Shocking Long-Term Effects of Alcohol Abuse in Teens

There’s so much more at stake than furious parents.

Shocking Long-Term Effects of Alcohol Abuse in Teens

In 2008, a viral video of Australian 16-year-old, Corey Worthington, showed the world what happened when he threw a party at his parents’ house that attracted 500 teens—and the local cops’ air wing and dog squad. When a newscaster covering the riotous event asked him what he would say to other kids thinking of hosting parties, Worthington replied, “Get me to do it for you.” Well, seven years later, in another interview, we were glad to see he was willing to admit that, back then, he was a “little brat.”

Still, it’s important for teens to learn that there’s more at stake than furious parents when they drink… and drink… and drink. Every year, an average of more than 4,300 kids in the US under the age of 21 die from alcohol-related events. And for those who indulge—and survive—evidence shows teen drinking can impair memory, decision making, executive function and emotional regulation. It also raises the risk of committing or being a victim of physical or sexual assault, suicide and later alcoholism and drug addiction.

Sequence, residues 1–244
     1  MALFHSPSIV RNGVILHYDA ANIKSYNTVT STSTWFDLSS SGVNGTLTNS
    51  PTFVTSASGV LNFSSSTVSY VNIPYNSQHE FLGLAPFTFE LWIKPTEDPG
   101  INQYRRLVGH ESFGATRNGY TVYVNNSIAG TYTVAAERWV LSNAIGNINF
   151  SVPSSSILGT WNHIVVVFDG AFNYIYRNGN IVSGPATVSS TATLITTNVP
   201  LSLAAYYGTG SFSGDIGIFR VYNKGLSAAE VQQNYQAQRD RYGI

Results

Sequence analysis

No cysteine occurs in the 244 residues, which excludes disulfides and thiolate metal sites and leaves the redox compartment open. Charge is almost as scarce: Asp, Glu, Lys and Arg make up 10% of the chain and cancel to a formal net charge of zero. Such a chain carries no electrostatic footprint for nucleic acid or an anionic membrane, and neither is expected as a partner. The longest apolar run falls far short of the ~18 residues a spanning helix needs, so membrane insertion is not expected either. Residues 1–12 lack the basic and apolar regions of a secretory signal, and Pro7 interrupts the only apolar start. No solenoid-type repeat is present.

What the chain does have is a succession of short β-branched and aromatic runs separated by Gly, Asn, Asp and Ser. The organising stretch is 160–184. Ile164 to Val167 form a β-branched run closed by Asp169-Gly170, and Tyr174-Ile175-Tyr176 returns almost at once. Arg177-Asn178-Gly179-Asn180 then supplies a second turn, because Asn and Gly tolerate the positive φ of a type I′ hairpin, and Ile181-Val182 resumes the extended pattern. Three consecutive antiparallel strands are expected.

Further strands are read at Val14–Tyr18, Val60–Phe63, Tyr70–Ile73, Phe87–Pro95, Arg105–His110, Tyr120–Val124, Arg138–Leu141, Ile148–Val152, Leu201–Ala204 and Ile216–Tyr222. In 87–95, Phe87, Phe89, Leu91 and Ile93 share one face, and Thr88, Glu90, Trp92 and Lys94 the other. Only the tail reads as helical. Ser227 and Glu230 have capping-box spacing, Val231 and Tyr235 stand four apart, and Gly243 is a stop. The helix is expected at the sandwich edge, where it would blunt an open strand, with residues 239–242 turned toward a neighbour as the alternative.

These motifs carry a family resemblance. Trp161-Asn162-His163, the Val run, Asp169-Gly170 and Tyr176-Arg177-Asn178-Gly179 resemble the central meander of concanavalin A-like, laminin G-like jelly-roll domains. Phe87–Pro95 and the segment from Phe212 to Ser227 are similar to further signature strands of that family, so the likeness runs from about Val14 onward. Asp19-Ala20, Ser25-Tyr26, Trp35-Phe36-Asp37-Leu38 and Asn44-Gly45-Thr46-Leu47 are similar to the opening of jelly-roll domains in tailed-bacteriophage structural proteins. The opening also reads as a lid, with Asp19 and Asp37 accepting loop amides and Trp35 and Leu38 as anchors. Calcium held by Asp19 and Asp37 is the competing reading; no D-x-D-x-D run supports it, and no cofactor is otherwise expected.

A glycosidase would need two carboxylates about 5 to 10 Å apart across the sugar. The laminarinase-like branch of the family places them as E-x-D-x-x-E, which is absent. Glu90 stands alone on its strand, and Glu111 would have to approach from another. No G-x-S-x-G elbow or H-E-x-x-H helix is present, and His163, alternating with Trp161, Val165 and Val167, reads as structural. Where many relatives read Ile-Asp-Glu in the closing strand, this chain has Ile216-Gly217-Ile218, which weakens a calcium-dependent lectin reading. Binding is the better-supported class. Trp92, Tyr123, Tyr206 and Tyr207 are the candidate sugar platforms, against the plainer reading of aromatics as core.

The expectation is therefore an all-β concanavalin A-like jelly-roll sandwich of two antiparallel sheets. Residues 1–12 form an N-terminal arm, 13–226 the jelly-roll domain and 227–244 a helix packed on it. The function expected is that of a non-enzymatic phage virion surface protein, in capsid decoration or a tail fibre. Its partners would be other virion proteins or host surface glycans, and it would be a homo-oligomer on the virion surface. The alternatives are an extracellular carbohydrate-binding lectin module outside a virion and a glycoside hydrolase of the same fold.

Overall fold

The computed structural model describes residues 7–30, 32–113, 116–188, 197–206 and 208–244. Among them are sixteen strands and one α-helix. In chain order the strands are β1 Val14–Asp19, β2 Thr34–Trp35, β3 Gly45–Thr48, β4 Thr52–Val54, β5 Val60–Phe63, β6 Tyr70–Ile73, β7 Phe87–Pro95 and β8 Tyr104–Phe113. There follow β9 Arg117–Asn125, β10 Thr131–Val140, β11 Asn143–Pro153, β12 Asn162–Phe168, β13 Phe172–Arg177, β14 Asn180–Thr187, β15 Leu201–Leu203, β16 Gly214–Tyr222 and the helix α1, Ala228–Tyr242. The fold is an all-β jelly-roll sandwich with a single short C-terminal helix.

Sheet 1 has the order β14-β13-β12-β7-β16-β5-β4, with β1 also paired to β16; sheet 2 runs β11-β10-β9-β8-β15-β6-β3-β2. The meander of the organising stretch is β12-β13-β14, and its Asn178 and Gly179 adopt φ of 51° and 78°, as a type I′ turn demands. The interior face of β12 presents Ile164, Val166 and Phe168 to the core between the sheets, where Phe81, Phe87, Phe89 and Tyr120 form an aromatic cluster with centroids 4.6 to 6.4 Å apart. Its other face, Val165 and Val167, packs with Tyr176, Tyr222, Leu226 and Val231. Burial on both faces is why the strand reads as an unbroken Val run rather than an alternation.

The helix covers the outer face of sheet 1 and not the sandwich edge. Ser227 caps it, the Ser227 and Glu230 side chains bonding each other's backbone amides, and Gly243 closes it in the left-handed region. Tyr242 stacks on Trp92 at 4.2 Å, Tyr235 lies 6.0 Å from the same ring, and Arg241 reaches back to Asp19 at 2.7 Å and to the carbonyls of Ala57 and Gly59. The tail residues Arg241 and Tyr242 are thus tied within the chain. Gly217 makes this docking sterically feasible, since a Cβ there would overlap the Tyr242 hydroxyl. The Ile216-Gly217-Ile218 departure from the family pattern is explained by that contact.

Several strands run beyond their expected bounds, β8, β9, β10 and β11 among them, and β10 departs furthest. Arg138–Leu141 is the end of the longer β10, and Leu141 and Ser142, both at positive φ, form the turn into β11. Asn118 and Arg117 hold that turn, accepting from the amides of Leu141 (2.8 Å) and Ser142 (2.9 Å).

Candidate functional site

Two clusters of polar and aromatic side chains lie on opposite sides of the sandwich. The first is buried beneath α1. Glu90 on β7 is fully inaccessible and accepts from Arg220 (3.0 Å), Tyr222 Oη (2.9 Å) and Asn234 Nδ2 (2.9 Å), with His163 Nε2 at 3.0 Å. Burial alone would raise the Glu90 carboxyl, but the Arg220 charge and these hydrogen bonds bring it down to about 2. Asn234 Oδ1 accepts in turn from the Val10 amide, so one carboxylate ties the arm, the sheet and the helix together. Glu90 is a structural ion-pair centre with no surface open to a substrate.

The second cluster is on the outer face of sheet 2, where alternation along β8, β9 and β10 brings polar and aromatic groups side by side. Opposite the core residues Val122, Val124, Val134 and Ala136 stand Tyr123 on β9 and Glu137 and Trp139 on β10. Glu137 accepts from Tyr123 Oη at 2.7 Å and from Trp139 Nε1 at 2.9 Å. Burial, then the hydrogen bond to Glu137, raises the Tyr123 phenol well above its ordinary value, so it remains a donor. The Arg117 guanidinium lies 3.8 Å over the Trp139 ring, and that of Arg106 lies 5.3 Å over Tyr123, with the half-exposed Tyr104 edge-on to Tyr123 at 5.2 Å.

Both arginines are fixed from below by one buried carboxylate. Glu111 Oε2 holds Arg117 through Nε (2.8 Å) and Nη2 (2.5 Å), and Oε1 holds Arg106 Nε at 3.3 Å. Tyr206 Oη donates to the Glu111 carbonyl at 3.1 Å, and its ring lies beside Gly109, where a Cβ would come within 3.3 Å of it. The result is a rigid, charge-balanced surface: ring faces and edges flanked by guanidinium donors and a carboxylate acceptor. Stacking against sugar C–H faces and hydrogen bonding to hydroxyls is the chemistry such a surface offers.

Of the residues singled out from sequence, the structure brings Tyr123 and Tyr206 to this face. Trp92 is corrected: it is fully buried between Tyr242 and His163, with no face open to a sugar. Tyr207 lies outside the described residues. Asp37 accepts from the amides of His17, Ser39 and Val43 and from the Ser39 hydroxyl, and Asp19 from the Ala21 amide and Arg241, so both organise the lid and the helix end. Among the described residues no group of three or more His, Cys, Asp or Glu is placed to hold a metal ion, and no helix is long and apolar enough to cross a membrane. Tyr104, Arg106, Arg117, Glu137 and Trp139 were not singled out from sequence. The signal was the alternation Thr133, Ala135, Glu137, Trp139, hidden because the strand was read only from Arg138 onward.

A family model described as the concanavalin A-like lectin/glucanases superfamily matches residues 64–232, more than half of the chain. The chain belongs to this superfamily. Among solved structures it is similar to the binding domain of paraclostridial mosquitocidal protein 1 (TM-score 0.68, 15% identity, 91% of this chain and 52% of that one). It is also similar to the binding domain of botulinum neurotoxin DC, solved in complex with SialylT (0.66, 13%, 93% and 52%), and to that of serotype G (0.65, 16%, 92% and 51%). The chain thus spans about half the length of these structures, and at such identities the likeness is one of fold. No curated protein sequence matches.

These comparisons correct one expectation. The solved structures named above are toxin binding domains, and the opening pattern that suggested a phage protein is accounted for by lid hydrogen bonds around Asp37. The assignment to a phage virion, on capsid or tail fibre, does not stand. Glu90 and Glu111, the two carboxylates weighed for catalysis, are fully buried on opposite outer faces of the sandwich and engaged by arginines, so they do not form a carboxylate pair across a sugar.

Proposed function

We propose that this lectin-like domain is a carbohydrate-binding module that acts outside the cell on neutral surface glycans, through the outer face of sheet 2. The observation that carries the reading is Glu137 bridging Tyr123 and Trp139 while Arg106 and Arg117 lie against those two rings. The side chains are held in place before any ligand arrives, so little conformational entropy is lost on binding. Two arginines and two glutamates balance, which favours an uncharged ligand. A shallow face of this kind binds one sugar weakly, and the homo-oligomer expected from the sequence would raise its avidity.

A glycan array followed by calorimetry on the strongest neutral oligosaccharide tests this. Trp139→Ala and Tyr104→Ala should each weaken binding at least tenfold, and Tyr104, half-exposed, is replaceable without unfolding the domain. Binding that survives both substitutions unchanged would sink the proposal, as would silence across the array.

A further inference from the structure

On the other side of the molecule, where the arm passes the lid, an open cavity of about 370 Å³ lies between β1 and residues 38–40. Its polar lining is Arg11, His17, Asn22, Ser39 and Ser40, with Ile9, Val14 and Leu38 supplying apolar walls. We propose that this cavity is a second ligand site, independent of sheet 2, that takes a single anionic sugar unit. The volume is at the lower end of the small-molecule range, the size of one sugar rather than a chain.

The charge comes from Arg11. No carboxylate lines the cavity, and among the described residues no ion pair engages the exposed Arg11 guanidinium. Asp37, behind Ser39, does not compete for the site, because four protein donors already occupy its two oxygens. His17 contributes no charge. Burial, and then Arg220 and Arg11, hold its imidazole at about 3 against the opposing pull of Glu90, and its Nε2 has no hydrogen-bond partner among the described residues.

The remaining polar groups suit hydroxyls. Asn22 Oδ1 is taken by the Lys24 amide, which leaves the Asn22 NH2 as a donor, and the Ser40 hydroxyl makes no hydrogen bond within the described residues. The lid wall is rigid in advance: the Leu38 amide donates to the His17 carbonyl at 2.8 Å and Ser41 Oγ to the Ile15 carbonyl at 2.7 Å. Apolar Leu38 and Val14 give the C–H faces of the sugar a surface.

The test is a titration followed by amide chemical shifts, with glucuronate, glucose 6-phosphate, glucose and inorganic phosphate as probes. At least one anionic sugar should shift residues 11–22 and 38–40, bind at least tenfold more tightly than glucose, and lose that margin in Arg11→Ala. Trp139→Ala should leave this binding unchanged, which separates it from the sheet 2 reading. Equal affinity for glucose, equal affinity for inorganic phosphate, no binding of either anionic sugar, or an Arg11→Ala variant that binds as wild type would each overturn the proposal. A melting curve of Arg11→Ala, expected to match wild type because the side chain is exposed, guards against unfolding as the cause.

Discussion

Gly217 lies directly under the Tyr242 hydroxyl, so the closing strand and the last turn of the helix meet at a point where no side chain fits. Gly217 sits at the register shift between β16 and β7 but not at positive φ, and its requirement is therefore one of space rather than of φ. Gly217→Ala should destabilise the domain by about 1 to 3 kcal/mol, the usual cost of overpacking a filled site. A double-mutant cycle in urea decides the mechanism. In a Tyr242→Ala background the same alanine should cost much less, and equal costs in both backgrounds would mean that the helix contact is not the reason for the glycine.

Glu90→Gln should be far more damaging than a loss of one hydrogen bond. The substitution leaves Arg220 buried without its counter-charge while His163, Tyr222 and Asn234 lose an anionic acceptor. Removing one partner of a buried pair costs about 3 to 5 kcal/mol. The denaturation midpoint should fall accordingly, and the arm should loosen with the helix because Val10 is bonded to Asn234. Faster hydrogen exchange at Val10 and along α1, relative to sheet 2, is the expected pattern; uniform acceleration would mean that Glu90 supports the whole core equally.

Add to that the findings of a study of 650 men: Those who had had an average of seven drinks a week between ages 15 and 19 were over three times more likely to develop high-grade prostate cancer. So, talk to your teen boys about the dangers of alcohol—including prostate cancer. For girls, the warnings include an increased risk of breast cancer. Make sure your teens know you’re a safe person to talk to about peer pressure and other drinking-related concerns.

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